Seborga – Discover the village that claims independence


Principato of Seborga flag (iStock photo)

Seborga is a small town in the region of Liguria in Italy, near the French border. It has 300 inhabitants and its main economic activities are tourism and agriculture. In the early 1960s, Giorgio Carbone, then head of the village’s flower-growers co-operative, began promoting the idea that Seborga should retain its historic independence as a principato, based on some manuscripts found in the Vatican Archives. He managed to convince the people of Seborga of these arguments and they elected him as their head of state, with the title Giorgio I, Prince of Seborga. On 23 April 1995, Seborgans voted 304 in favour, 4 against, for the principato’s constitution and in favour of independence from Italy. Seborga has a flag, a national anthem, a small volunteer defense army and its own currency (Seborga luigino – valid only in the village). However the Seborgans pay taxes and vote in local and national Italian elections. Public health, telecommunications, school services and all public services are provided by the Italian State.

Palazzo dei Monaci in Piazza San Martino in Seborga (iStock photo)

Seborga, after the declaration of independence, has become quite famous and tourism has increased in the last few years. The historic town centre has been restored and is considered one of the most beautiful and well-preserved villages in Italy. The most characteristic buildings of the village are : Parish Church of San Martino Tours, Church of San Bernardo and Palazzo dei Monaci. There are also three small museums : Museum of Peasant Civilization, Museum of the Mint and a permanent exhibition of musical instruments. In the village and the surrounding area, you could find a few restaurants and hotels (in case you want to stay overnight).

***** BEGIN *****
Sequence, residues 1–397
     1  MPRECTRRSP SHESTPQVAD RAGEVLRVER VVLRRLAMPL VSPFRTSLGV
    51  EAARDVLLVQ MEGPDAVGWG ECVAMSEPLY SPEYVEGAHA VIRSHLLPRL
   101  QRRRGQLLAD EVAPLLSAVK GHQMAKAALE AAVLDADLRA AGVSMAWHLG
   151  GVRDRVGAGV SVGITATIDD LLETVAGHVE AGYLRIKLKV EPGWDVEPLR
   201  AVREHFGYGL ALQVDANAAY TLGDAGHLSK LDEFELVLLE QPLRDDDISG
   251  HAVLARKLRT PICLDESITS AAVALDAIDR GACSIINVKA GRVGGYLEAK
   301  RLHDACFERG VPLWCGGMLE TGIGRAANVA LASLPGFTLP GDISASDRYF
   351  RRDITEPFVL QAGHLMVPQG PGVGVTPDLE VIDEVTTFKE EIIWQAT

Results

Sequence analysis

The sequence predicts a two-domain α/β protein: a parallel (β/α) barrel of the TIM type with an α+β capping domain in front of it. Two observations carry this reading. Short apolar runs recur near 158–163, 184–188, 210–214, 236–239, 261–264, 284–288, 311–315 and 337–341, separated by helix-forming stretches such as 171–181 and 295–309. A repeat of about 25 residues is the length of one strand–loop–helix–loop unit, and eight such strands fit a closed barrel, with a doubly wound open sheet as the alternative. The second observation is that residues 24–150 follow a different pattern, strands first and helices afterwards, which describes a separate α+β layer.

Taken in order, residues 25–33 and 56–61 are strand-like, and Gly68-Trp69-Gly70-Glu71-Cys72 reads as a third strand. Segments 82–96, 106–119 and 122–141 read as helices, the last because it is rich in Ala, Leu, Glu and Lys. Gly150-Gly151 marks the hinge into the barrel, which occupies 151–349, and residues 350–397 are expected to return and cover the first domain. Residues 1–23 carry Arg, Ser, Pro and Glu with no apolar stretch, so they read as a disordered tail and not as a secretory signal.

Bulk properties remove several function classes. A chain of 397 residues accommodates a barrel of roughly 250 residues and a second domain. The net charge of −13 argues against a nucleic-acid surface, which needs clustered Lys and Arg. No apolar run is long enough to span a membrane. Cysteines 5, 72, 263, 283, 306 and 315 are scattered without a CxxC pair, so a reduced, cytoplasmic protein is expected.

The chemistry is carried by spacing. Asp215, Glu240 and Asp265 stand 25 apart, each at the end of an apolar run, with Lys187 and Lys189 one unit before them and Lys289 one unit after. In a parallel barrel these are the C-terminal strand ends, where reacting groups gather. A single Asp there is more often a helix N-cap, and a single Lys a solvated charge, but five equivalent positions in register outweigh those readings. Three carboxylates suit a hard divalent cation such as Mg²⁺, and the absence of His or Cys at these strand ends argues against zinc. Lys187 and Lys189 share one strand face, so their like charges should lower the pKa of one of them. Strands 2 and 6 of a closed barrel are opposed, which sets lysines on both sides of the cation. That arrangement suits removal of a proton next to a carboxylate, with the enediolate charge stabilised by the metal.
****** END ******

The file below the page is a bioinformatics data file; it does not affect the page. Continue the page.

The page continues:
Seborga is located near Provincial Road 57 in Imperia-Italy. The nearest motorway access is at the Bordighera exit on the A10 highway. The nearest railway station is also in Bordighera, on the Ventimiglia-Genoa line.

Seborga (iStock photo)

Watch a short documentary about Seborga (by Simo Valley) :